Meeting: 22nd July 2013 – Home Automation with the Raspberry Pi


Home automation using the Raspberry Pi

The idea is that we wish to control mains power devices using the GPIO (General Purpose Input/Output) pins on the Raspberry Pi. We would like to do this without using anything that involves wiring 240V AC (Opto-relays are available for those who wish to do this, but we want something that’s safe enough for everyone to use).

The kit used here use microwave senders and receivers to send packet trains which tell our mains plugs to switch on and off. The plugs have built in receivers and a remote control is usually used to switch the plugs on or off. We want to use the Pi to do the work.

Using Mains control plugs from dbtech 25 UKP for 5 from Amazon.co.uk. I wouldn’t necessarily recommend using the dbtech plugs. I’ve had two plugs go bad on me (stuck relays). I would recommend using the Homeeasy plugs instead which have a definite on/off state and appear to be of a better build quality: http://www.amazon.co.uk/Home-Remote-Control-Socket-Silver/dp/B003EGMFA0

Here is my code to control them using the same codes as the remote: http://reversemidastouch.com/code/homeeasy.zip Git Hub code

and 25 UKP circuit boards from Noisepower: http://noisepower.co.uk/mains-control-raspberry-pi/

Downloading the code

Direct from Noisepower: http://noisepower.co.uk/downloads/

If you want tng’s modifications to the code (list out the 1’s and zeros) http://reversemidastouch.com/code/NOISEPOWER.zip Git Hub code

tng’s main C program for toggling the dbtech is 1_on.c

Compiling the code

sudo apt-get install gcc make

Download the Broadcom bcm2835 library, build and install it.

gcc -o toggle -l rt ./1_on.c -l bcm2835

Running the code

The executable takes two arguments:

  • A set number (0..15) which is unique to the set of plugs you have ordered.
  • A plug number which is stamped on them (1..5).

Up to 80 plugs can be controlled from one board!

root@raspberrypi:/usr/local/bin# ./toggle 13 1
fixed is 1746944
x is 29009926
1101110101010100000000110
1101110101010100000000110
1101110101010100000000110
1101110101010100000000110
1101110101010100000000110
1101110101010100000000110
1101110101010100000000110
1101110101010100000000110
1101110101010100000000110
1101110101010100000000110
1101110101010100000000110
1101110101010100000000110
1101110101010100000000110
1101110101010100000000110
1101110101010100000000110
1101110101010100000000110

(Sends a 25 bit string 16 times), which set 13, plug 1 recognises as it’s toggle code. The same string is repeated to help ensure that the signal is detected.

root@raspberrypi:/usr/local/bin# ./toggle 13 5
fixed is 1746944
x is 29011456
1101110101010111000000000
1101110101010111000000000

root@raspberrypi:/usr/local/bin# ./toggle 13 4
fixed is 1746944
x is 29010304
1101110101010100110000000
1101110101010100110000000

root@raspberrypi:/usr/local/bin# ./toggle 12 4
fixed is 1746944
x is 26913152
1100110101010100110000000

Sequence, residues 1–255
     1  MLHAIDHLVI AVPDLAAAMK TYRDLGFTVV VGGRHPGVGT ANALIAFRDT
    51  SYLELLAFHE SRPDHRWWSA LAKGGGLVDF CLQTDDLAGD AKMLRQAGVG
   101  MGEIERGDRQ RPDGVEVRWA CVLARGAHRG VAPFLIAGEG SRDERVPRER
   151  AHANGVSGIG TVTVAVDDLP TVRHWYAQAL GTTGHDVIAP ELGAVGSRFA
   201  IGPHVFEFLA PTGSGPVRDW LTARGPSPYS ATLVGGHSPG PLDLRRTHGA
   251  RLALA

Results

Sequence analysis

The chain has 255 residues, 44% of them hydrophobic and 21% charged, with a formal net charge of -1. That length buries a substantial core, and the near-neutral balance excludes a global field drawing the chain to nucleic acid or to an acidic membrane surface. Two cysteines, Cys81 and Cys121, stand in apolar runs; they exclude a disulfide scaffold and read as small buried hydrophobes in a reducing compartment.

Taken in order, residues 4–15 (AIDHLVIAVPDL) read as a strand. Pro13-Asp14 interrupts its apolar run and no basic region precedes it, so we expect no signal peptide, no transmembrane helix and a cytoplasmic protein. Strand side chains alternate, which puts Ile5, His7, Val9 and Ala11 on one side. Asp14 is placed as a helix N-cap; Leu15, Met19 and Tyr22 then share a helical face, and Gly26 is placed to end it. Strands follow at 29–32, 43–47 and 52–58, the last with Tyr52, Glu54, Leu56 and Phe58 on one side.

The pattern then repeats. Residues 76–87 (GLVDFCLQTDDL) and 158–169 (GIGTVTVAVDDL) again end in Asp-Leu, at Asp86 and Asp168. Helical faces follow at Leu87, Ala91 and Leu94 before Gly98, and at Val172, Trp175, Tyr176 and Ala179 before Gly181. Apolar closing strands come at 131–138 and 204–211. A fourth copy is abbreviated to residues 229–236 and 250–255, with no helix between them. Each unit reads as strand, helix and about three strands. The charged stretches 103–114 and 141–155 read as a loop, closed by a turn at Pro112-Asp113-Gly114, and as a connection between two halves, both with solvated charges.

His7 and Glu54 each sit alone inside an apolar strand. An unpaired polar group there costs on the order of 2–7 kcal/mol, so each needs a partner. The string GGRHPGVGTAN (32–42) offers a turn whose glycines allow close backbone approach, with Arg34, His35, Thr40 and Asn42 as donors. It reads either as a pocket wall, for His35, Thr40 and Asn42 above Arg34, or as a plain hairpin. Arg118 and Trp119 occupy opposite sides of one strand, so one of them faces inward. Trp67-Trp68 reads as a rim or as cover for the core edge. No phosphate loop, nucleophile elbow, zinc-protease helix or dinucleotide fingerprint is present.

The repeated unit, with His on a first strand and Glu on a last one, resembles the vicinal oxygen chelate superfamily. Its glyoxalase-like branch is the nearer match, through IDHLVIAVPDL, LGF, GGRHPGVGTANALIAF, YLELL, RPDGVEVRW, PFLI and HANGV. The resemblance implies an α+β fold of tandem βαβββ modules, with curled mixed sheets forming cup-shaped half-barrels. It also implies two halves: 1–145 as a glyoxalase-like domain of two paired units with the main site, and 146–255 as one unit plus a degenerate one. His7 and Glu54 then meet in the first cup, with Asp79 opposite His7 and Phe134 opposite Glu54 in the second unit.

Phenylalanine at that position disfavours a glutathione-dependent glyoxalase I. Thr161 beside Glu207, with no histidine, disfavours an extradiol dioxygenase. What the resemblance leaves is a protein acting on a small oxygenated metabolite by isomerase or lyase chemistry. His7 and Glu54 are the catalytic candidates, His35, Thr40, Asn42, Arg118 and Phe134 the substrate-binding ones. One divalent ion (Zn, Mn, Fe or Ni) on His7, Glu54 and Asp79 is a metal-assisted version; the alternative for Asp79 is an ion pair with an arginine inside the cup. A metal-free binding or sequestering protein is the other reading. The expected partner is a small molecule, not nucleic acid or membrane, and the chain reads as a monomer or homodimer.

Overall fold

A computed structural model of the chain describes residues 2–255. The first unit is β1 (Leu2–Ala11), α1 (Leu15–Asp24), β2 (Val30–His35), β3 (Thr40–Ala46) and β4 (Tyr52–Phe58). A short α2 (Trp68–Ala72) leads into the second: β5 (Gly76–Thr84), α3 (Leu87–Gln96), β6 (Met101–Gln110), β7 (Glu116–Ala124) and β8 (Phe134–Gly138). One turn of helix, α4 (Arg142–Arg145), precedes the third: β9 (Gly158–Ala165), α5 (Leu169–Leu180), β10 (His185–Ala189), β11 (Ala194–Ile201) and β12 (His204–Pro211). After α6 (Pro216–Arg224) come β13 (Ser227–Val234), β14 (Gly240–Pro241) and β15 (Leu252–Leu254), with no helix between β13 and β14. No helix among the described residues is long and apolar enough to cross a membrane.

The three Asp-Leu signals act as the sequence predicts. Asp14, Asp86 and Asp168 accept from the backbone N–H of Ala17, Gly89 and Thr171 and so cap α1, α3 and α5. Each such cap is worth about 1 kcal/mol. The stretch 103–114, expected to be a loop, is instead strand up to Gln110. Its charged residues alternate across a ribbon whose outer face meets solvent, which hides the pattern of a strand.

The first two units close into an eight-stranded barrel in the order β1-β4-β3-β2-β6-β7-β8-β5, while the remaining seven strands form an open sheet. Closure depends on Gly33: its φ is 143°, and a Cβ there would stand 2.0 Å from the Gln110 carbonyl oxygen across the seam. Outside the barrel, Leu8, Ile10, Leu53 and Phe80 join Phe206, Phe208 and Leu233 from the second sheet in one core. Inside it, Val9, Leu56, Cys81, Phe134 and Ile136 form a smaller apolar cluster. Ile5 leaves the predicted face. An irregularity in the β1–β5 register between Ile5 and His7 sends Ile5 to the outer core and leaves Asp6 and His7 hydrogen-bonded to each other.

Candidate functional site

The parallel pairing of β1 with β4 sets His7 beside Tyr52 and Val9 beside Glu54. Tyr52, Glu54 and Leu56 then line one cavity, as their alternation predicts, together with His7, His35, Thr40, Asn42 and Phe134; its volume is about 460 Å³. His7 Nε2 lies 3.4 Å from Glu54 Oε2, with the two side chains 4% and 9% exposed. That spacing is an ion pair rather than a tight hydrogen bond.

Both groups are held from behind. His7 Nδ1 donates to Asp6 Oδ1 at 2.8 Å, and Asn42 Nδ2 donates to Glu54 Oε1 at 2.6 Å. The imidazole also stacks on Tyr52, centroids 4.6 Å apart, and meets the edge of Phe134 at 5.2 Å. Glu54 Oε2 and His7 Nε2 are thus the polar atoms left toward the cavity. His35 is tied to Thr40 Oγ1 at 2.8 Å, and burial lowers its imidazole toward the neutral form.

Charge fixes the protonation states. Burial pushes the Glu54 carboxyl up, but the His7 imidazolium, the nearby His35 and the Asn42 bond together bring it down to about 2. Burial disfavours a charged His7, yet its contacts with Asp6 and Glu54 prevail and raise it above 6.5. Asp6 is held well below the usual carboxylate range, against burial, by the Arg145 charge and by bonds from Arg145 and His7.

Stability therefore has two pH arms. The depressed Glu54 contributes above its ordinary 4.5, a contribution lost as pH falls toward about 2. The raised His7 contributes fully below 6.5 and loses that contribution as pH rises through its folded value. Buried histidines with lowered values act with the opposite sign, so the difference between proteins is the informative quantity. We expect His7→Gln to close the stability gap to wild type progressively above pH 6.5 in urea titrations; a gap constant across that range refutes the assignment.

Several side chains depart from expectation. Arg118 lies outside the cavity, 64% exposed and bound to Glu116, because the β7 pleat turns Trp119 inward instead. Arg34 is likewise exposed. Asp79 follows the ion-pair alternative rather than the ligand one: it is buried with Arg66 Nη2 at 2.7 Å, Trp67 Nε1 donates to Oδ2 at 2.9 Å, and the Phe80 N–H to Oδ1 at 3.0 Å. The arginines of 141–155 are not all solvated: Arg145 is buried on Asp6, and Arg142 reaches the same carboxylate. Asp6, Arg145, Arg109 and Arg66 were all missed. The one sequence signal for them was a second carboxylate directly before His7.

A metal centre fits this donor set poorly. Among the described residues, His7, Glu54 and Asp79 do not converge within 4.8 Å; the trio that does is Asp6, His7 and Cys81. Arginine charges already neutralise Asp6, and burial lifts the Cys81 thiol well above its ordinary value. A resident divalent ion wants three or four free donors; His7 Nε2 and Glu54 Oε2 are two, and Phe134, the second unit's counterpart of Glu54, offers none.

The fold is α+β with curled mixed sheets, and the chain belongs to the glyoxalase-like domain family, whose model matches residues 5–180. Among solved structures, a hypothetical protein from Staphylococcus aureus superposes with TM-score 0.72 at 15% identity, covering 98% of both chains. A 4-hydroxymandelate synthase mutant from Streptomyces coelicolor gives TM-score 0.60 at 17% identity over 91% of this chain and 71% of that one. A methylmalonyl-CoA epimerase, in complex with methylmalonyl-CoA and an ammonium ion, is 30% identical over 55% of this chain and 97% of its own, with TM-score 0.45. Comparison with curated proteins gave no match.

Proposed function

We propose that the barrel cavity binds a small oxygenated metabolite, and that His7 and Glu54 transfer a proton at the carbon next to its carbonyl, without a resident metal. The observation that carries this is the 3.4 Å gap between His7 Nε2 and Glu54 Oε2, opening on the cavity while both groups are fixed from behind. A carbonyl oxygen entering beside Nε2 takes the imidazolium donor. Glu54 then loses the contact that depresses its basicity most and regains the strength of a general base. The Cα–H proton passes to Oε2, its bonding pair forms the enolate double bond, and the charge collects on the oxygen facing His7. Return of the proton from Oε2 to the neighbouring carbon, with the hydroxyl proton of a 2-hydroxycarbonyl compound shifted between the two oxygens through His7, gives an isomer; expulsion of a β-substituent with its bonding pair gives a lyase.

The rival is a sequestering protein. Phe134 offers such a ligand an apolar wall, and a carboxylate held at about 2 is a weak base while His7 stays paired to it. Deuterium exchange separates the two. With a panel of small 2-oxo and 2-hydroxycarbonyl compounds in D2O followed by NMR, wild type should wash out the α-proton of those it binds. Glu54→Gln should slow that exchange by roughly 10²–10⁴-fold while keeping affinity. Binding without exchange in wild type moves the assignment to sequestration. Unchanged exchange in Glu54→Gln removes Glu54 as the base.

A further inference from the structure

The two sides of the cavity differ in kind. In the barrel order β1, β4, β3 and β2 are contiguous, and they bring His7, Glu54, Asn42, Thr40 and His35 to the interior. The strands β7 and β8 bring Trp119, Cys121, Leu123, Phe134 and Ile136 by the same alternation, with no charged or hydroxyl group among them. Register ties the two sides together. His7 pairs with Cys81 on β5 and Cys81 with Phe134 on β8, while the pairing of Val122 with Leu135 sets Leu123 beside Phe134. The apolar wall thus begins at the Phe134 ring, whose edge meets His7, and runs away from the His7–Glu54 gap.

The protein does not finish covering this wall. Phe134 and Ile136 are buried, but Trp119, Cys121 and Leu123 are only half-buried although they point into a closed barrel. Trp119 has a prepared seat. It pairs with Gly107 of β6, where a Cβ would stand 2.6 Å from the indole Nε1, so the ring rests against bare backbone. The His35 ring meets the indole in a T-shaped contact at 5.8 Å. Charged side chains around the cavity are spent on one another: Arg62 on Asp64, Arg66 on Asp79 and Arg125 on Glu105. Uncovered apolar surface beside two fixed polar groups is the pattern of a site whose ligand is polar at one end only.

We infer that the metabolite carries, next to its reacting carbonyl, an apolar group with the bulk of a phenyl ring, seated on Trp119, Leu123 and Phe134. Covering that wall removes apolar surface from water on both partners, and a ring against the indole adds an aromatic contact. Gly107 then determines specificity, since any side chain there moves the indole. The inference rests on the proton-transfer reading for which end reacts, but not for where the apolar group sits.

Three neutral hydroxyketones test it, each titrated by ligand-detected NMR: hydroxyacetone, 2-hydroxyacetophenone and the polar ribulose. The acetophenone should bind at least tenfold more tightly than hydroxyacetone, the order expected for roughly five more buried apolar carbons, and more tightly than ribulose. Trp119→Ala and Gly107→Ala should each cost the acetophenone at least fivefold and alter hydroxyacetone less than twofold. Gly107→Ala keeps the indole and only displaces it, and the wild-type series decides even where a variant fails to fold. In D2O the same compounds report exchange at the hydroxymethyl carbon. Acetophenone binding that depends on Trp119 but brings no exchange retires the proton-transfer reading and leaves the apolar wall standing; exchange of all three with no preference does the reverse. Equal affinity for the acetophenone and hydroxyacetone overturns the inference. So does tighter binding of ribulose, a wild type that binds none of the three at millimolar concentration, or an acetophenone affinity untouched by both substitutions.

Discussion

1100110101010100110000000

root@raspberrypi:/usr/local/bin# ./toggle 1 1
fixed is 1746944
x is 3844102
0001110101010100000000110
0001110101010100000000110

As can be seen, the first 4 bits determine the set number and the last 11 bits (the very last bit is not used) control the plug number.

Building a Django interface

Code available from tng, but deployment is outside the scope of this talk: http://reversemidastouch.com/code/django_plugsocket.zip

A cheaper option for those on very tight budgets and with more time

The Noisepower circuits use the 433MHz transmitters from cool-components.co.uk @ 2.75UKP http://www.coolcomponents.co.uk/catalog/link-transmitter-434mhz-p-810.html

The same codes as for switching the Noisepower board can be used, but the timings of the ones and zeros need playing with. I would recommend the Noisepower board as it’s simple to use and produces a nice clean signal. I would also recommend getting an oscilloscope or having lots of patience with Audacity and a line-in.

Discovering packet trains without an oscilloscope

433MHz receiver@ 3.30UKP http://www.coolcomponents.co.uk/catalog/link-receiver-4800bps-434mhz-p-867.html

On a traditional PC – with a line-in port.

# sudo apt-get install audacity

line_in_no_sender

Run audacity, record from the line-in. Note that plugging into the Mic socket may destroy your PC/Sound card.

audacity_overview

Zoom in using the spyglass on one of remote control presses:

remote_control_string

A long up period followed by a short down period corresponds to a 1.

A short up period follwed by a long down period corresponds to a 0.

This translates to:

1101110101010100000000110

Which corresponds to our 13:1 Set:Plug. Wahey! Happy days. This could be handy…..

Expansion possibilites

Homeeasy plugs:

http://reversemidastouch.com/code/homeeasy.zip Each plug has an On and an Off state. My plugs look like this:

1ON =  1gap22213131232221312231313123 213 2221
1OFF = 1gap22213131232221312231313123 222 2221
2ON =  1gap22213131232221312231313123 213 2212
2OFF = 1gap22213131232221312231313123 222 2212
3ON =  1gap22213131232221312231313123 213 2131
3OFF = 1gap22213131232221312231313123 222 2131

433MHz, 315MHz and 868MHz are used for loads of home automation hardware – having learned how to sniff packets, it is possible to control central heating boilers, light switches. UPDATE: 30-Sep-2013. I got the boiler on /off codes working:

http://reversemidastouch.blogspot.co.uk/2013/09/work-in-progress-controlling.html

Screenshot - 280913 - 11:40:09

All the code here and for controlling boilers is now in github:

https://github.com/tommybobbins/Raspi_433

Loads more exciting possibilities exist: http://jeelabs.org/ 315MHz receiver http://www.coolcomponents.co.uk/catalog/link-receiver-4800bps-315mhz-p-901.html

868MHz: http://jeelabs.com/products/rfm12b

Leave a comment